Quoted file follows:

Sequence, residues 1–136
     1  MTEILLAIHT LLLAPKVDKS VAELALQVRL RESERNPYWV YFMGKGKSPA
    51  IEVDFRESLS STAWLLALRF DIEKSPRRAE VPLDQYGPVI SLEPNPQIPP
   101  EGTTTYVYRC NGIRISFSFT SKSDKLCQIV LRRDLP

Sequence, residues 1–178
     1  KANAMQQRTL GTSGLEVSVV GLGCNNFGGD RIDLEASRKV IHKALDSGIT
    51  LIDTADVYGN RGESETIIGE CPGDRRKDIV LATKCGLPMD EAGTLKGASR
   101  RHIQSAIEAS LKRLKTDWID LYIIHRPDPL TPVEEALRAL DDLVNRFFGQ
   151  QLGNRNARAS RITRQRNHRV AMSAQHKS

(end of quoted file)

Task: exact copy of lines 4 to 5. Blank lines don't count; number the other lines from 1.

   101  EGTTTYVYRC NGIRISFSFT SKSDKLCQIV LRRDLP

Sequence, residues 1–178